My mother used to make what she liked to call goulash by whipping up some tomato-based meat sauce and throwing it on top of macaroni noodles. And being a kid growing up in the midwest, for all I knew at the time that’s exactly what it was. So, I grew up thinking that this bland little exercise in frugal cooking was ‘goulash’. Then I went to Budapest and ate like a king for, like, $3.65/day for about a week in the mid-90s and was subject to a crash course in what goulash really was all about and why paprika is perhaps the most under-appreciated spice in the rack. Hungarian goulash is not good for you. Chicken paprikash is not good for you, either. Much of the Hungarian diet will kill you quickly and efficiently. In all cases, however, you will die happy. The paramedics may find you slumped over your kitchen table, hands clutching the shirt covering your chest, but there will also be a smile on your face. Having planted this picture in your frontal lobe, let’s make some Hungarian goulash*, shall we?
1.5 lbs of steak tips or flank steak cut into ~1” hunks
1 sweet onion
4 cloves of garlic
½ c sweet red wine or marsala
1 ¾ c beef broth
¼ c paprika (No, I’m not shitting you)
1 c sour cream (again….not a typo)
Dump some flour into a bowl, then toss your meat (HA!) in the flour, coating it liberally. Liberally, I tell you! Heat up some olive oil in a dutch oven/cast-iron skillet, then dump your flour’d meat in and brown it over medium heat (medium is plenty, since these skillets conduct heat like something that conducts heat really well).
Remove the meat and set it aside. Cut up your onion and garlic and saute them in the olive oil/meat leavin’s in the skillet.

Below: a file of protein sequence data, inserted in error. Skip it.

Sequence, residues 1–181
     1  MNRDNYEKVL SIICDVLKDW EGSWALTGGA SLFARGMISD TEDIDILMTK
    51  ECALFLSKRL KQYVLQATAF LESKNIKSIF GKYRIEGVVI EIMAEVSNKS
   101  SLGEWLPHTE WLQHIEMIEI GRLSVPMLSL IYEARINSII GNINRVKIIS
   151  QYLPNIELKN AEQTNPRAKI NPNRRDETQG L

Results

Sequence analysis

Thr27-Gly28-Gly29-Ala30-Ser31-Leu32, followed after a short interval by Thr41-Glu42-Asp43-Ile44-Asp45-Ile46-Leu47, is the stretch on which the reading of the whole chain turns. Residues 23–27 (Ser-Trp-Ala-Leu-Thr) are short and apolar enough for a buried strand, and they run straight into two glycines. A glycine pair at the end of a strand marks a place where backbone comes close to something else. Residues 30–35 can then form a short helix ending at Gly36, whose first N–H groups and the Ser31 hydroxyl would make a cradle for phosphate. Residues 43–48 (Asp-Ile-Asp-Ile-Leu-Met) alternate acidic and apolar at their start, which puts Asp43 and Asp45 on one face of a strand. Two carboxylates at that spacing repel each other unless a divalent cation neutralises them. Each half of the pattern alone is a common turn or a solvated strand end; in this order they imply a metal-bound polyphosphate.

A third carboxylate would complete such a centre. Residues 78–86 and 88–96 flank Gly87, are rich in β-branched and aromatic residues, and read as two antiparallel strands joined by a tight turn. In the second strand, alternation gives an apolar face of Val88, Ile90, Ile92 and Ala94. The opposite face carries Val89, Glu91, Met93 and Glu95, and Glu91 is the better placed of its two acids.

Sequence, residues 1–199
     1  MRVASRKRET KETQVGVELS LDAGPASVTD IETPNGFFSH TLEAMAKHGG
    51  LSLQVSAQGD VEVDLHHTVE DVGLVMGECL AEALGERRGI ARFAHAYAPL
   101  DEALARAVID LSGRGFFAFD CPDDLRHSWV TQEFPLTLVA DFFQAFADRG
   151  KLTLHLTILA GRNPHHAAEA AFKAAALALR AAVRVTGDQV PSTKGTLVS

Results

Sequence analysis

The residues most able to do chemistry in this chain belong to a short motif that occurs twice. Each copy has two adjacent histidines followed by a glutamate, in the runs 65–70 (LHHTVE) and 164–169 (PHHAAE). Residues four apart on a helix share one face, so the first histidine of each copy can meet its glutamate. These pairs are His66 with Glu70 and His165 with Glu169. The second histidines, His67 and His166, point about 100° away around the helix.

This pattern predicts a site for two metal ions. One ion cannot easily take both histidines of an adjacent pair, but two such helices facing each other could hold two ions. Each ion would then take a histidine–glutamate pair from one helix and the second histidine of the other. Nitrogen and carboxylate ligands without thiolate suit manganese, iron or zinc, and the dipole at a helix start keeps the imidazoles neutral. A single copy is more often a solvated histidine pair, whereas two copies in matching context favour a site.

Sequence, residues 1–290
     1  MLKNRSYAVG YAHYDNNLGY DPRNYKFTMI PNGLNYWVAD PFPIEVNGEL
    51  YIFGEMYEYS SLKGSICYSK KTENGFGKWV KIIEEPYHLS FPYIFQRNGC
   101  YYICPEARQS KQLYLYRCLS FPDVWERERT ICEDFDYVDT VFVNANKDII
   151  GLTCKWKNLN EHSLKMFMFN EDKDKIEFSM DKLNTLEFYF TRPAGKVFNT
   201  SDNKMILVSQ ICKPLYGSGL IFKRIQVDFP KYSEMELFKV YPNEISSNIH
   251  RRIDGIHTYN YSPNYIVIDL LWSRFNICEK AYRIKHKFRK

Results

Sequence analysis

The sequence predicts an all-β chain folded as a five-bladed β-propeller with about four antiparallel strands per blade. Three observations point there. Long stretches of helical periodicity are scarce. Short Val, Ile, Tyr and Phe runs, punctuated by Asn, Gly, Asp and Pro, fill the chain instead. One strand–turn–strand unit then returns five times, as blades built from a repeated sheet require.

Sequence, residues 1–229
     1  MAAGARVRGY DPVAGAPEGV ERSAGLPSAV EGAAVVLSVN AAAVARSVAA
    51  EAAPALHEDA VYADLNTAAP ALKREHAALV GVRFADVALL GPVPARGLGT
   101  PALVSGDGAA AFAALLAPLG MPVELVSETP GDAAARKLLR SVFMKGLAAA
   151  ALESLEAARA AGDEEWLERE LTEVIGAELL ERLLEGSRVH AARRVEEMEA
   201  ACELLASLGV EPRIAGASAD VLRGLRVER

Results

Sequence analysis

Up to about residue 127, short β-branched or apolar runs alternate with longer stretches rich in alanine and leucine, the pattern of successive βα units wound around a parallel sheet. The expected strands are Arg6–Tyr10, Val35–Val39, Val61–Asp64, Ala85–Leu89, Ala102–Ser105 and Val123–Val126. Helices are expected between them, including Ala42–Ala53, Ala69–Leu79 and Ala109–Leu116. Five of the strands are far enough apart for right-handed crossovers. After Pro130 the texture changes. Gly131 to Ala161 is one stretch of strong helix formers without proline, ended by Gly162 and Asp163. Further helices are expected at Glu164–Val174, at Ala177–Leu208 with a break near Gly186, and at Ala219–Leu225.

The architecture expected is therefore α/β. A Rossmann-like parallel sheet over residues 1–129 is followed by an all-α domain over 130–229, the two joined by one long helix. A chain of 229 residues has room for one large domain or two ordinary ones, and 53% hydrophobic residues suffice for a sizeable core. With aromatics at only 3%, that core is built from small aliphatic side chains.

Add the wine or marsala and use it to deglaze the skillet. This is going to smell really good, so maybe just stand there sipping something for awhile, slowly scraping the bottom of the skillet, while soaking in the moment. After the moment has been adequately soaked, add your broth and the paprika and stir well, letting this come to a very low boil (still over medium heat) for ~5 minutes. Add the meat and allow the slow boil to work with the flour coating the meat to gradually thicken the sauce.
Let this gurgle over medium-low heat for ~15 minutes. Now, look at the sour cream and think about what you’re about to do. Meditate on it.
OK, now fold the sour cream into the sauce and lower the heat, allowing it all to simmer for ~10 minutes.
Use this time to boil the noodles. Spoon some of the heart-friendly goop over the noodles, grab a fork, take a deep breath, and proceed to give your taste buds an early Christmas gift.
* This is a modified version of a recipe that I found online a long time ago. Most of the stuff I cook come from recipes that I’ve modified for added awesomeness, so you can probably find something similar using your Google machine, but it won’t be nearly as good IMHO.
Sir @ February 19, 2010